Cummaudo Farms in Mirboo North and Thorpdale, Victoria, are major suppliers of potatoes to Coles supermarkets and other fresh market outlets. Each year they deliver over 8,000 tonnes of potatoes to consumers all around Australia. What has changed for them over the last few growing seasons is their approach to controlling pests.
In Spring 2013, Tony Cummaudo contacted entomologists Paul Horne and Angelica Cameron from IPM Technologies about helping them to achieve better control of insect pests. Their aim was to improve pest management, particularly reducing damage by potato tuber moth, in order to improve the quality of the product that was delivered to Coles. The suggestion from IPM Technologies was that Tony trial, and then if successful, implement integrated pest management (IPM) in their potato crops.
Adopting IPM involved a significant change for Tony – from an approach that relied on routine broad-spectrum insecticide applications to an approach where biological controls (natural predators and parasites of pests) and cultural controls (management practices) form the basis of the pest management program and insecticides are only applied rarely, as required.
To help Tony make the change to using IPM, Paul and Angelica visited Cummaudo Farms on a weekly basis between October and March. On each visit they demonstrated how to monitor potato crops and make decisions based on not only what pests were present but also on the beneficial species that they could find. Throughout the season they gave advice regarding all aspects of insect pest management and with this support, Cummaudo Farms successfully implemented IPM for the first time. What started out as a trial on one paddock quickly became the standard practice over the entire farm.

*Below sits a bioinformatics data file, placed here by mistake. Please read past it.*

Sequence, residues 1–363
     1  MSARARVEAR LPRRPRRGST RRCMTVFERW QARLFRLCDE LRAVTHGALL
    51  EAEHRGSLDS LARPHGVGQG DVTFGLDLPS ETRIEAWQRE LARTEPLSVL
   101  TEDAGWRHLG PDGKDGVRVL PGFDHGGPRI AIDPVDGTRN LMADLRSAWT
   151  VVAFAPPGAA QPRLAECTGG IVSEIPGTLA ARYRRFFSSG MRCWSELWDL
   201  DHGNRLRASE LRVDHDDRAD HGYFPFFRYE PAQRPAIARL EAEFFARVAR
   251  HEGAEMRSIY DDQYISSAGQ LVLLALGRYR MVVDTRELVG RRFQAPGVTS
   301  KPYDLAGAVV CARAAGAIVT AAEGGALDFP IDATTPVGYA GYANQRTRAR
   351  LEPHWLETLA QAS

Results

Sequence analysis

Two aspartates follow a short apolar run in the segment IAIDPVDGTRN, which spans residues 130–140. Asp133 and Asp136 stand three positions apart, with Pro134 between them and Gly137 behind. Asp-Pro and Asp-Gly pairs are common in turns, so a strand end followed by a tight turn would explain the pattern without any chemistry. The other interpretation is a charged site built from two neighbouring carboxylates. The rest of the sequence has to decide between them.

Paul and Angelica continued to offer on the ground support during the next season and after that Tony and his local advisor had gained enough knowledge, experience and confidence to monitor the crops and make IPM decisions themselves.
Cummaudo Farms now successfully uses IPM, not only in all of their potato crops, but also in their expanding onion production. Tony only occasionally needs back-up support from the team of experts at IPM Technologies, for example when he encounters an unfamiliar insect and he needs to check whether it is a pest, a beneficial, or neither.
Tony is very pleased with the results of IPM in both his onion and potato crops. He had not realized that sometimes insecticides could do more harm than good, “but with help from Paul and Angelica we are now targeting only the pests and not the good bugs. IPM is so simple but incredibly effective.”
Tony has seen for himself how powerful biological and cultural controls can be. He keeps a careful eye on his crops, checking that the arrival of any pests is closely followed by the arrival of their natural enemies. Most of the time he can sit back and let the predators and parasites control pests for him, or use cultural practices such as soil and irrigation management to improve pest control. If he needs to put a spray on during the life of the crop, he reaches for soft products that are compatible with his army of natural predators and parasites. He only applies broad-spectrum insecticides if the soil cover is inadequate to give protection from potato tuber moth after the crop has died down or been sprayed off.
Cummaudo Farms’ adoption of IPM is seen by their customers, particularly the major supermarkets, as a positive move. Coles has been impressed by the quality of Tony’s product, which now consistently meets their high quality assurance standards throughout the season. Cummaudo Farms have had no product rejections due to insect pest damage since changing to IPM. Adopting IPM has allowed them to boost the quality of their product and reduce their insecticide inputs, and both of these factors help secure the profitability and sustainability of their business.